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and from it the Secular party never recovered during the debate. But no one who knows Mr. Bradlaugh would. for one moment suppose that he would not brave the matter out, seeing that Lord Amberley could not ba brought upon the platform. He, therefore, replied"As to Lord Amberley's

letter, he said he was present when Lord Amberley made the statement he referred to. He did not say what he had written since. (Hear, hear.) The evidence that he was not wrong was that the speech was reported. There was a powerful corporation called the British Medical Corporation, which had a Journal called the British Medical Journal, and the speech was reported in this as he had stated, and had been reprinted in fifty or sixty papers. (“Question.") He was not there to bandy words with every indecent person who interrupted him. The file of the journal in question would show how the matter stood. If the speech were not there he would have told one more lie ; if it were, Lord Amberley must have changed his opinions, or forgotten what he had said. If he (Mr. Bradlaugh) had made an error, it was a strange one, and it was shared in by the British Medical Journal. Lord Amberley said it was one of the best books he had ever read, and ought to be in the hands of every working-man.”

Here then the charge was re-affirmeil-he heard Lord Amberley thus commend the book, and the eridence (proof positive) that he was not wrong is the fact, that the sprech was reported in the British Medical Journal, just

AS HE HAD STATED, and had been “reprinted in fifty or sixty papers. The audience called for dates but they were not given, and so the matter had to be left, so far as the debate was concerned. But, of course, that was not to be the end of it. But the bold re-iteration answered Mr. Bradlaugh's purpose—he got away without being groaned out of the hall, as he must have been had he not suspanded the judgment of the assembly by so bold re-affirmation. Subsequently he was required to produce, or to name, the number of the Journal containing the words of Lord Amberley,

as he had said.In reply the following was received

“I am not at all sure that the British Medical Journal contains the whole speech, but the speech in which I heard Lord Amberley say wliat I refer to was made at the London Dialectical Society's Rooms, 32a, George Street, Hanover Square, some time either in the end of 1867 or early in 1868, on the occasion of a paper read by Mr. Laurie.

C. BRADLAUGH.” The British Medical Journals for the last three months of 1867 and the first three of 1868 were carefully examined, but no allusion to the subject. Mr. King again wrote to Lord Amberley and received the following

“SIR, -In reply to your letter of the 3rd instant, I have to say that the speech alluded to by Mr. Bradlaugh was made at the Dialectical Society on July 1, 1868. It was scarcely a speech properly so called, but some observations made in an informal manner at a meeting which I supposed to be private. Reporting is in fact forbidden by the Society's Rules, but by the indiscretion of some person present an abstract of what I said appeared in a medical paper.

With refcrence to Mr. Bradlaugh’s alleged quntation, I may observe that I do not believe I made any mention of the “ Elements of Social Science," and most certainly not in the terms stated by Mr. Bradlaugh. I am not at all surprised to learn that he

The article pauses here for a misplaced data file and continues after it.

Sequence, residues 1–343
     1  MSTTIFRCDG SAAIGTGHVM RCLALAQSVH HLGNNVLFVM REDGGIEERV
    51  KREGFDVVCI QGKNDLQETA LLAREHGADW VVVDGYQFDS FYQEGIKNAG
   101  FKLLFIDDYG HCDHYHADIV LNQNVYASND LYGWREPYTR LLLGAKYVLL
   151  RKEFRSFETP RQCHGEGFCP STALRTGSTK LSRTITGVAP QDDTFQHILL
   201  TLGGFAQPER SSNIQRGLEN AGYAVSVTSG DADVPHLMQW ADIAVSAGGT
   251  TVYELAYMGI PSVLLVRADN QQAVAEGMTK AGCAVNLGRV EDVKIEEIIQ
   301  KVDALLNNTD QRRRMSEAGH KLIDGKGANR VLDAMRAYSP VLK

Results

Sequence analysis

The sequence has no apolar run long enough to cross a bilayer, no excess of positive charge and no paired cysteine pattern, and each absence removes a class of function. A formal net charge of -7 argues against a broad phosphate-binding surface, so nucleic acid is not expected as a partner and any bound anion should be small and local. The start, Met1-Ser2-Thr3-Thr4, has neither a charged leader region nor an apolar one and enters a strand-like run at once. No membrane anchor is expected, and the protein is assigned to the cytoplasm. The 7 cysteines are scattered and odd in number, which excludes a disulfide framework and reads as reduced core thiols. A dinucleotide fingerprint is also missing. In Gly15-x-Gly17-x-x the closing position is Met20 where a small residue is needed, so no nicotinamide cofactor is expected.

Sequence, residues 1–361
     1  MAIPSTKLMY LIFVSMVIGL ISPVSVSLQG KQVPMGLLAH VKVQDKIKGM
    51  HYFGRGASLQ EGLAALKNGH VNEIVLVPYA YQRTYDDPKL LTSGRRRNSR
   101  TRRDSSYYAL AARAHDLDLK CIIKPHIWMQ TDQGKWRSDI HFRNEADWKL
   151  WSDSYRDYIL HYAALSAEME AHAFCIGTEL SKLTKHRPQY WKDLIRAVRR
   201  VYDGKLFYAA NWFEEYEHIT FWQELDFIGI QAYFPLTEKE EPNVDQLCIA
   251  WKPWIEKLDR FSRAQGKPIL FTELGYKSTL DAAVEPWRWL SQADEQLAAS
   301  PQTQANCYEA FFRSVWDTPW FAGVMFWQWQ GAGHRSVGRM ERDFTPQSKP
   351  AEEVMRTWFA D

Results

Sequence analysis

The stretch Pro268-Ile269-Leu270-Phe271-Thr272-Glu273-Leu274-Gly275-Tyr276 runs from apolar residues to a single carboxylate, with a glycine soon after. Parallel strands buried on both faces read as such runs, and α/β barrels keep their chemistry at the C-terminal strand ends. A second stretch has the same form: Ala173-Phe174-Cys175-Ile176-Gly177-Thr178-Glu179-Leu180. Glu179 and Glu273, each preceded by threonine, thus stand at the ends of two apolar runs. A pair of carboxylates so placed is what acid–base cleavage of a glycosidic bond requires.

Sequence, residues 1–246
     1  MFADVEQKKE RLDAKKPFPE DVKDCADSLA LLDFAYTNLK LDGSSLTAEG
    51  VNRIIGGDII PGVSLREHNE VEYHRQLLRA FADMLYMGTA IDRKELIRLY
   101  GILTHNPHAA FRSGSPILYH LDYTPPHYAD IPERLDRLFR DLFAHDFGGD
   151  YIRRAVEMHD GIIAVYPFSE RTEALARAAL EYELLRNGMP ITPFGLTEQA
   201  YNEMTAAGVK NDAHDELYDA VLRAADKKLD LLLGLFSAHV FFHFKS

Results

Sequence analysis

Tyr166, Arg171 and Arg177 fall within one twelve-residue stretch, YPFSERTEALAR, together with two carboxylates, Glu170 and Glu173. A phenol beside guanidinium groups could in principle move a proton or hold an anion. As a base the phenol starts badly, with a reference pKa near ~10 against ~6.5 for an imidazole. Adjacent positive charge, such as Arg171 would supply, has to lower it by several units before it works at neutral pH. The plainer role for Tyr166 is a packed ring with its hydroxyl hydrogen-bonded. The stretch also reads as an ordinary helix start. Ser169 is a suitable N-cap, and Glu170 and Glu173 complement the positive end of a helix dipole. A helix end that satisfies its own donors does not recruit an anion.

cannot give " the number of the British Medical Journal, since the report referred to by him contains not the most distant allusion to the work in question. This will be sufficient to show you with what extreme caution Mr. Bradlaugh's assertions must be received. In conclusion my present estimate of this book is not the result of a change of mind since 1868.-Yours faithfully,

AMBERLEY." The date thus supplied enabled the Journal to be procured, and there, certainly, in the number for August 1st, 1868, is the speech of Lord Amberley, but no mention of, nor allusion to, the book in question, nor reference to any book ; nor anything which can be supposed in any way to refer to it; nor anything incompatible with his lordship's strongly expressed repudiation of the book. Thus the matter might be left as clearly settled, but as Mr. Bradlaugh cannot be put down while the possibility remains

Observer, Jan. 1, 71,

of covering his defeat by assertions which, for want of witnesses, could not be proved untrue, and as he still insists that Lord Amberley did, in his presence, thus commend the book, it was deemed well to refer to the gentleman who read the Essay in connection with which Lord Amberley's speech was made. That gentlemen (Mr. Laurie) writes to his lordship thus

“I am convinced you said nothing about the book called “Elements of Social Science.” But the opinion quoted by Mr. Bradlaugh and attributed to you was delivered by himself after your lordship had left the meeting."

Thus Mr. Bradlaugh imposes his own worthless recommendation of a most filthy book upon the assembly and comes before the public boldly attributing his own words to Lord Amberley. But that the case may not admit of a loophole for escape, the following testimonial has been obtained from gentlemen who were present when the very Honourable President of the National Secular Society says he heard Lord Amberley say the words he himself uttered after his lordship had left the room.

"Whereas, at a meeting of the London Dialectical Society held in 1868. Lord Amberley has been reported to have pronounced a favourable opinion on a work entitled the ‘Elements of Social Science, etc., this is to certify that his lordship made no allusion whatever to the work in question.